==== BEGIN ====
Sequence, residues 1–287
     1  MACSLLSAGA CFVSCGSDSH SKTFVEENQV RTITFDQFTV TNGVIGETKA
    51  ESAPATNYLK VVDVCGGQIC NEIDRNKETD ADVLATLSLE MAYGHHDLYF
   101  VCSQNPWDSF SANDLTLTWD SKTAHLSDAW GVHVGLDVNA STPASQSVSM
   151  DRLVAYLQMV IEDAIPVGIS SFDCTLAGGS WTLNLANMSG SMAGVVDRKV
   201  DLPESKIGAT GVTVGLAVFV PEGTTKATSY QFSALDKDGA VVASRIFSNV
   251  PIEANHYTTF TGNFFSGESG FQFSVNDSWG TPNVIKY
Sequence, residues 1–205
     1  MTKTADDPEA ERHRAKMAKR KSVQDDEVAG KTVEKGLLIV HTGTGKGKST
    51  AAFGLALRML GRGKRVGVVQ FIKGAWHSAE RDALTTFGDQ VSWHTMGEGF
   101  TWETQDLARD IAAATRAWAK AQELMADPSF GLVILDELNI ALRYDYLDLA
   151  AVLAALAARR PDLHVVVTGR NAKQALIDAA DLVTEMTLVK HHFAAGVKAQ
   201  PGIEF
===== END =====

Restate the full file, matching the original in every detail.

Sequence, residues 1–287
     1  MACSLLSAGA CFVSCGSDSH SKTFVEENQV RTITFDQFTV TNGVIGETKA
    51  ESAPATNYLK VVDVCGGQIC NEIDRNKETD ADVLATLSLE MAYGHHDLYF
   101  VCSQNPWDSF SANDLTLTWD SKTAHLSDAW GVHVGLDVNA STPASQSVSM
   151  DRLVAYLQMV IEDAIPVGIS SFDCTLAGGS WTLNLANMSG SMAGVVDRKV
   201  DLPESKIGAT GVTVGLAVFV PEGTTKATSY QFSALDKDGA VVASRIFSNV
   251  PIEANHYTTF TGNFFSGESG FQFSVNDSWG TPNVIKY
Sequence, residues 1–205
     1  MTKTADDPEA ERHRAKMAKR KSVQDDEVAG KTVEKGLLIV HTGTGKGKST
    51  AAFGLALRML GRGKRVGVVQ FIKGAWHSAE RDALTTFGDQ VSWHTMGEGF
   101  TWETQDLARD IAAATRAWAK AQELMADPSF GLVILDELNI ALRYDYLDLA
   151  AVLAALAARR PDLHVVVTGR NAKQALIDAA DLVTEMTLVK HHFAAGVKAQ
   201  PGIEF